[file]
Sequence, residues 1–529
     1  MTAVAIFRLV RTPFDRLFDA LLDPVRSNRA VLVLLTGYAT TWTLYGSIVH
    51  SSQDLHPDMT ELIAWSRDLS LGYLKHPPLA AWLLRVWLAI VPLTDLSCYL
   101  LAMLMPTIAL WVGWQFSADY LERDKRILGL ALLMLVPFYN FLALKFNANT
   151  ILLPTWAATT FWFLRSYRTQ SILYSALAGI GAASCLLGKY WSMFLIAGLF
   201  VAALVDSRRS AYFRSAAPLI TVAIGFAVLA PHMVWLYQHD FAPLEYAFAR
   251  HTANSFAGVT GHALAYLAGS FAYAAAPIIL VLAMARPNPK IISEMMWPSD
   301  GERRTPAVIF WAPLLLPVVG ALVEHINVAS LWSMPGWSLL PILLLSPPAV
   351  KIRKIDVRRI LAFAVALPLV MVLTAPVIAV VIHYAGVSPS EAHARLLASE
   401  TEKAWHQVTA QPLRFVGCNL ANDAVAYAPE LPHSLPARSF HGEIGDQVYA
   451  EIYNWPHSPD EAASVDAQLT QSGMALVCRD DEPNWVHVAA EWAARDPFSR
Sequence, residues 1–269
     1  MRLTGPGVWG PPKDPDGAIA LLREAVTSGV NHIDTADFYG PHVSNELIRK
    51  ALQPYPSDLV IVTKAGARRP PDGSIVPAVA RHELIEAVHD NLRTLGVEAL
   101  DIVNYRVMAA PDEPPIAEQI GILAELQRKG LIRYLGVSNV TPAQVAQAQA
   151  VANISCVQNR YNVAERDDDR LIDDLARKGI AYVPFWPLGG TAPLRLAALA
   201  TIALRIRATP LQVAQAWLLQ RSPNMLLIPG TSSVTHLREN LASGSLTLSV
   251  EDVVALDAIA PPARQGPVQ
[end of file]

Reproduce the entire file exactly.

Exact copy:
Sequence, residues 1–529
     1  MTAVAIFRLV RTPFDRLFDA LLDPVRSNRA VLVLLTGYAT TWTLYGSIVH
    51  SSQDLHPDMT ELIAWSRDLS LGYLKHPPLA AWLLRVWLAI VPLTDLSCYL
   101  LAMLMPTIAL WVGWQFSADY LERDKRILGL ALLMLVPFYN FLALKFNANT
   151  ILLPTWAATT FWFLRSYRTQ SILYSALAGI GAASCLLGKY WSMFLIAGLF
   201  VAALVDSRRS AYFRSAAPLI TVAIGFAVLA PHMVWLYQHD FAPLEYAFAR
   251  HTANSFAGVT GHALAYLAGS FAYAAAPIIL VLAMARPNPK IISEMMWPSD
   301  GERRTPAVIF WAPLLLPVVG ALVEHINVAS LWSMPGWSLL PILLLSPPAV
   351  KIRKIDVRRI LAFAVALPLV MVLTAPVIAV VIHYAGVSPS EAHARLLASE
   401  TEKAWHQVTA QPLRFVGCNL ANDAVAYAPE LPHSLPARSF HGEIGDQVYA
   451  EIYNWPHSPD EAASVDAQLT QSGMALVCRD DEPNWVHVAA EWAARDPFSR
Sequence, residues 1–269
     1  MRLTGPGVWG PPKDPDGAIA LLREAVTSGV NHIDTADFYG PHVSNELIRK
    51  ALQPYPSDLV IVTKAGARRP PDGSIVPAVA RHELIEAVHD NLRTLGVEAL
   101  DIVNYRVMAA PDEPPIAEQI GILAELQRKG LIRYLGVSNV TPAQVAQAQA
   151  VANISCVQNR YNVAERDDDR LIDDLARKGI AYVPFWPLGG TAPLRLAALA
   201  TIALRIRATP LQVAQAWLLQ RSPNMLLIPG TSSVTHLREN LASGSLTLSV
   251  EDVVALDAIA PPARQGPVQ